Helen J. London, 78, founder of Previn Inc., a supply house that serves the restaurant community, died Wednesday, Sept. 6, of sepsis, said her son, Jay Carlson.
Mrs. London was an inveterate home cook in Center City in the early 1970s at the dawn of Philadelphia’s restaurant renaissance when she opened Le Cook Nook, a cooking-supply retailer, at 256 S. 20th St.
By 1986, she wanted to steer the business away from serving the public and toward chefs and restaurants. She went to France and spent six months working in a kitchen-supply house before returning to open Previn, around the corner. The Previn name bears the first initials of three men she had known, followed by “vin” for “wine,” said her son, who later joined her in the business.
“I realized that professional chefs, especially European-trained chefs, had needs that weren’t being filled by traditional restaurant-supply houses,” she said in 1987. “Fine French porcelain, cake rings, professional-quality baking molds, chef’s jackets. I tried to do that out of my retail store, but it was impossible. Chefs would come in to browse and suddenly clean out all my tartlet molds, and I wouldn’t have any left for regular customers. Someone might look in our catalog and say, ‘That’s a nice cookie cutter for Christmas.’ Then she’s shocked to discover that it costs $14. Well, it’s very high-quality, very heavy-gauge metal. It’s made to be used thousands and thousands of times, and it’s something a home cook just doesn’t need.”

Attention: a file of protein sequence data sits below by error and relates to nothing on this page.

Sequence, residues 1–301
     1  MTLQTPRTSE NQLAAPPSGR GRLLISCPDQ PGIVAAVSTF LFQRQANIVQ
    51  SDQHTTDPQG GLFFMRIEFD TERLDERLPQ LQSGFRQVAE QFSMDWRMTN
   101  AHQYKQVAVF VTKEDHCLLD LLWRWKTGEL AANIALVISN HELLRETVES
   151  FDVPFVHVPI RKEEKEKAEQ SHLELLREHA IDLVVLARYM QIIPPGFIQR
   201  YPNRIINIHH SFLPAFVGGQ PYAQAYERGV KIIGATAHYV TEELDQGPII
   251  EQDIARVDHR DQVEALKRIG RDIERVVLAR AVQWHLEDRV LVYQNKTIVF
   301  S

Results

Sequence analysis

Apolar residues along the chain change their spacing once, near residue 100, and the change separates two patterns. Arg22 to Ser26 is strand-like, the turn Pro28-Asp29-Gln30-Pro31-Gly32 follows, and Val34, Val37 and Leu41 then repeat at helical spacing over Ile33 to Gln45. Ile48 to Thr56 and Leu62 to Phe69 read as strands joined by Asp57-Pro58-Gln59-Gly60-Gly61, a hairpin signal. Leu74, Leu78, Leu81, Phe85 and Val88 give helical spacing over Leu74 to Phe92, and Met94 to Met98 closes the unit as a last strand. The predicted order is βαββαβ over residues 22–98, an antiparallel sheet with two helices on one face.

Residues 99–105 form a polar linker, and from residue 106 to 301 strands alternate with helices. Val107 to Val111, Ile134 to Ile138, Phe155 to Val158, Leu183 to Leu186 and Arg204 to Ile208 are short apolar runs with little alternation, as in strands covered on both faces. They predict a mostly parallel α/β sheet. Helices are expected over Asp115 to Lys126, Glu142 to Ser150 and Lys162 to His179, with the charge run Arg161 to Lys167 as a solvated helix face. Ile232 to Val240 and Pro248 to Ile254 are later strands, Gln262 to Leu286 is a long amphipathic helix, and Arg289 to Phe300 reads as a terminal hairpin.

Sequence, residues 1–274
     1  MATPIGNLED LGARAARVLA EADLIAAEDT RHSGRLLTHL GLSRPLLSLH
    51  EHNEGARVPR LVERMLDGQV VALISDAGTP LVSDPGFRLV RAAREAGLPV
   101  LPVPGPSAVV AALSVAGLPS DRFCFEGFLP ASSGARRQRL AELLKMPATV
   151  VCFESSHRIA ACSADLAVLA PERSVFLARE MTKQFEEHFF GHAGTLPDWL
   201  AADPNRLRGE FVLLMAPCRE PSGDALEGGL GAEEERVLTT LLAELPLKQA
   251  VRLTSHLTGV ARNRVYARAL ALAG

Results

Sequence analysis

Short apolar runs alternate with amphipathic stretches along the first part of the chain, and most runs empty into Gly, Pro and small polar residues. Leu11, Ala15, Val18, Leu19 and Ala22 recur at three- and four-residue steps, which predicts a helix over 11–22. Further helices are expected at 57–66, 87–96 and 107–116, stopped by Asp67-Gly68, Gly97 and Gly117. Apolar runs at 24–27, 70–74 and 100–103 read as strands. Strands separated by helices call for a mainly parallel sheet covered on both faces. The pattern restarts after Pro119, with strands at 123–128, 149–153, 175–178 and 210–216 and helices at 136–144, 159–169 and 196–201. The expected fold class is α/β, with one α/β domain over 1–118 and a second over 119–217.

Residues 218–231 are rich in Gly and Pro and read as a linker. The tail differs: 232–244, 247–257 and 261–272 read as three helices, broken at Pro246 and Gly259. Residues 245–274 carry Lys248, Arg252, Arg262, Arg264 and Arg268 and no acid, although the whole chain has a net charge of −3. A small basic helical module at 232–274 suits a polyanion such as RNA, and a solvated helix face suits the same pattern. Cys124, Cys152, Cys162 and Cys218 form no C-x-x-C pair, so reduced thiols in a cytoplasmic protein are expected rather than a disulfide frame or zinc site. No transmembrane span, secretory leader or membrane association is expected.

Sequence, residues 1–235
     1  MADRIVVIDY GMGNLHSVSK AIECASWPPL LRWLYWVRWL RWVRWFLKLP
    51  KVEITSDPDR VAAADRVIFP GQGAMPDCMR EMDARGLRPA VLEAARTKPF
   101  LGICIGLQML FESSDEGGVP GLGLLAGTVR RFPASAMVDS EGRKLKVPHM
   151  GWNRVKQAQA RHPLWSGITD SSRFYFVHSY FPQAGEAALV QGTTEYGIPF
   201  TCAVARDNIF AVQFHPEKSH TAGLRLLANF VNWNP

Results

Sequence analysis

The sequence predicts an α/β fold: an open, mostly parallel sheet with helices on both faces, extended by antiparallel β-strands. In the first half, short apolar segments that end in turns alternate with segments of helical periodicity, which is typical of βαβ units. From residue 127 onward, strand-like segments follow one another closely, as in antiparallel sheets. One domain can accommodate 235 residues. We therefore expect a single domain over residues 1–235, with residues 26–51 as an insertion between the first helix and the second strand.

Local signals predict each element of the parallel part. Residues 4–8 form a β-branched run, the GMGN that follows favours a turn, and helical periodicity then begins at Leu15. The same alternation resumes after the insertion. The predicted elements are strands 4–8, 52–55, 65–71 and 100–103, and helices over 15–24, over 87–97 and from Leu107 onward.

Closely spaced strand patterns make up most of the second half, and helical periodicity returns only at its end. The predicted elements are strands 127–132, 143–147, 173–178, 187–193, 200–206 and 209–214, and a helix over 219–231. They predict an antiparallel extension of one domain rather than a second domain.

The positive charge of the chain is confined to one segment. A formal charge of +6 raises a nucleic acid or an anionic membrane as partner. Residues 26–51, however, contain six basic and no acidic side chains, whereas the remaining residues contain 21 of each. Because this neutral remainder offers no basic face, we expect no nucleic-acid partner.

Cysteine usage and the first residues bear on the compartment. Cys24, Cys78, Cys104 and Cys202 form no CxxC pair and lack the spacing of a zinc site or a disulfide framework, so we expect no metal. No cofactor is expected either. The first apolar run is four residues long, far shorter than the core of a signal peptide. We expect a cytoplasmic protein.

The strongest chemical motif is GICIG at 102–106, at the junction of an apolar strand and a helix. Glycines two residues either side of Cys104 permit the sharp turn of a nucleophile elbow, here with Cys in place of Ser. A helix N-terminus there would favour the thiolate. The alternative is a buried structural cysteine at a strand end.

Previn’s customers are still a who’s who of the restaurant scene.
Mrs. London grew up in Chicago, the daughter of Persian immigrants. She was an alumna of Northwestern University.
Besides her son and daughter-in-law, Jodie, she is survived by a granddaughter, Ava.
A funeral service will be at 11 a.m. Thursday, Sept. 14, at Trinity Memorial Church, 2212 Spruce St.